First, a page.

Success eludes the Italians. There is no breakthrough and the battle becomes a series of brutal engagements over bitterly contested positions. Italian gains are hard-won and frequently lost to determined counter-attacks by the Austro-Hungarians. Even where the Italians manage to hold onto captured positions they typically have only gained the forward trenches of the enemy, with the Austro-Hungarians continuing to hold the stronger reserve trench lines. Cadorna’s dreams of a war of manoeuvre are turning into a brutal war of attrition.

image source (ibiblio: A Short History of the Great War, by Albert Frederick Pollard)

27/10/1915 Shuffling the political decks in Australia and France

Australia has been led by the Labor Party’s Andrew Fisher since elections last year. Fisher has committed Australia to assisting Britain’s war effort “to the last man and the last shilling”, but he has found the strain of wartime leadership a bit too much to bear. Today he resigns as both prime minister and member of parliament. His party colleague Billy Hughes takes over as Australia’s prime minister. He is equally determined to pursue the war to victory, no matter what the cost.

Meanwhile in France the government is also facing rumblings of discontent. Failure in the autumn offensives has led to discontent with the government of René Viviani. He attempts to reconstitute his cabinet but key figures will not serve under him. Admitting defeat, Viviani tenders his resignation to President Poincaré. Now France will have to find a new prime minister.

image sources:

Andrew Fisher, Billy Hughes & Liberal Party leader Joseph Cook in 1914 (Sydney Morning Herald)

René Viviani (Wikipedia)

26/10/1915 Niedermayer and Hentig finally meet the Afghan king

Germany has sent an expedition on a difficult journey through Persia to Afghanistan. The hope is that the Afghans can be persuaded to ally with Germany and launch an invasion of British India. But although the mission was received cordially in Kabul earlier this month, the Afghan king has shown no great eagerness to meet the Germans or the Turkish and Indian members of their expedition.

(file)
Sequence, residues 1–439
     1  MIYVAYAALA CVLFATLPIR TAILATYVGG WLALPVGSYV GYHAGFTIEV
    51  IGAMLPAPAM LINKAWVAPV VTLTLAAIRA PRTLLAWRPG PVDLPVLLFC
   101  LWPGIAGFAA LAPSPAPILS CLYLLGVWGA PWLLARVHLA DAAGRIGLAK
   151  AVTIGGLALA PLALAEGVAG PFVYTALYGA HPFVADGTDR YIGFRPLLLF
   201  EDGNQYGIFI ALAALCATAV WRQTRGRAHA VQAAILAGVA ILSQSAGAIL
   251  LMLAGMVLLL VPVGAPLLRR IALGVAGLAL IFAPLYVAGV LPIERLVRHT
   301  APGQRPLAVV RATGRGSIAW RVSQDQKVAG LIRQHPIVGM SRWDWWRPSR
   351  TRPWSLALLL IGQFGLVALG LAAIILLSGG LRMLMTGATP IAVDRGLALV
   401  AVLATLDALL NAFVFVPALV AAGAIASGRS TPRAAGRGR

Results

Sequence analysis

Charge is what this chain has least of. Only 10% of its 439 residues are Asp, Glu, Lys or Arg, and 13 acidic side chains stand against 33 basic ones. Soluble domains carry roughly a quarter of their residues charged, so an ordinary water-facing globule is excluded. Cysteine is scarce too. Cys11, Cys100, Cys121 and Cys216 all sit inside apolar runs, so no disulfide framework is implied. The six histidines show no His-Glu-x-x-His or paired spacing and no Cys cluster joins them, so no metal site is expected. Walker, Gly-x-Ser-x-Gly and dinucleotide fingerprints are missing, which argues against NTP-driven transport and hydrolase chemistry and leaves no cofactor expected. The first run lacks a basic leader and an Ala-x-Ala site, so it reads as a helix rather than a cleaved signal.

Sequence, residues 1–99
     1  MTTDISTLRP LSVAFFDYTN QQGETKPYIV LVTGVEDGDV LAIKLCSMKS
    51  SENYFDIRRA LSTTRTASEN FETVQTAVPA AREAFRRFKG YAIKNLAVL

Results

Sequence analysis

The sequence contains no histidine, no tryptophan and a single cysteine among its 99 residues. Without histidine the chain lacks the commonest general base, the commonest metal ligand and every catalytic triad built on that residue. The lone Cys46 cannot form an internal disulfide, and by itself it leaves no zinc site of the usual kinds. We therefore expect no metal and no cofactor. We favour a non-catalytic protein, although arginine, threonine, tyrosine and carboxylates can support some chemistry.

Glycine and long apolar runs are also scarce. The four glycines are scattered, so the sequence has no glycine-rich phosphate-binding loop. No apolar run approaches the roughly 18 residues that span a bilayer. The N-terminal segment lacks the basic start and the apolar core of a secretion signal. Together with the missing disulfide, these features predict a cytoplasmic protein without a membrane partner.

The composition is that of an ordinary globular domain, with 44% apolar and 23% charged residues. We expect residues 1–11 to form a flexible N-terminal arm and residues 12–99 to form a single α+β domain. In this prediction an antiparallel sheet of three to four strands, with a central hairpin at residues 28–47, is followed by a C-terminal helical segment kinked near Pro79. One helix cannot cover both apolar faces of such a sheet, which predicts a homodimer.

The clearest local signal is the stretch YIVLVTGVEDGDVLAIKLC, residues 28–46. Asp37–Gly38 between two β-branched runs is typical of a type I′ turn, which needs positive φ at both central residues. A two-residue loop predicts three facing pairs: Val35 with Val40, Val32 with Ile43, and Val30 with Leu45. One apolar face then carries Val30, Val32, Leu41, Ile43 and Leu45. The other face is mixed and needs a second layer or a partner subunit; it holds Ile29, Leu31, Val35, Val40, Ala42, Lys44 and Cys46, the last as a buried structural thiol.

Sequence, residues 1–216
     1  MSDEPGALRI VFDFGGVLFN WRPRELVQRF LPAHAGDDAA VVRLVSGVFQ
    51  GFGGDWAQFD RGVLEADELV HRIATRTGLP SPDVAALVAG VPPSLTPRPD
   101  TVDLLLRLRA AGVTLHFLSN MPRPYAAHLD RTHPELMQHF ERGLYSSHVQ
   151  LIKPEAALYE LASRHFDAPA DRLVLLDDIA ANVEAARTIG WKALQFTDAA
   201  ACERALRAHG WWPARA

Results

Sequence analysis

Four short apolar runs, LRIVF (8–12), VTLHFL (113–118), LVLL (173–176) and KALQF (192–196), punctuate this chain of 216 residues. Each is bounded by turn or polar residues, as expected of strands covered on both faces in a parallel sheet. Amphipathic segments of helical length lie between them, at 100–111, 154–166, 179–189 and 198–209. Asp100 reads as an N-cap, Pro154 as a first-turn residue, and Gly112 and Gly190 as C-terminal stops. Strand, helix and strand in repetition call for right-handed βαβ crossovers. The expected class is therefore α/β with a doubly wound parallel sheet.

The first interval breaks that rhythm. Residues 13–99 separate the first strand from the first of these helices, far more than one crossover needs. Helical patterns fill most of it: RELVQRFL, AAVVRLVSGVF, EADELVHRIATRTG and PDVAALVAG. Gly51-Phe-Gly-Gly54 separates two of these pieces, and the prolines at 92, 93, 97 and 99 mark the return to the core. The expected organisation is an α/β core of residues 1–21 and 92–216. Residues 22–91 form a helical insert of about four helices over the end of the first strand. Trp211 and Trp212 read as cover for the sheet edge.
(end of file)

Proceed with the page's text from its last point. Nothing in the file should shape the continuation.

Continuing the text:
Today King Habibullah Khan finally meets with the Germans Hentig and Niedermayer, and with other members of their mission. But although he is polite, Habibullah Khan shows no great interest in launching an immediate invasion of India. He is interested in hearing what the Germans have to offer but he doubts their ability to deliver on their promises. For now he is making no commitments.

image source:

Habibullah Khan (Wikipedia)

25/10/1915 Australia’s youngest soldier dies

Like many Australians, James Martin volunteered to join the Australian army after the outbreak of the war. Martin is however unusual in his age. He was just over 14 years old when he enlisted in April 1915, claiming to be over 18 to recruiting officers who seem not to have been too zealous in their checking of enlistees’ ages.

Martin was sent to Gallipoli where he wrote to his parents saying not to worry about him as “I am doing splendid over here”. But like many in the hot and fetid conditions of the Gallipoli trenches he became ill. Today he dies of typhoid fever aboard a hospital ship. He is buried at sea.

image source (Wikipedia)

24/10/1915 Sir Henry McMahon makes an offer to Sharif Hussein

Hussein bin Ali is Sharif of Mecca and the ruler of the Hejaz, the Arab region in which the holy cities of Mecca and Medina lie. Hussein is a vassal of the Ottoman Empire but he has no love for the Turkish authorities. He has been engaged in a secret correspondence with Sir Henry McMahon, the British High Commissioner in Egypt. The British hope that Hussein can be encouraged to break with the Ottoman Empire and lead an Arab revolt against the Turks.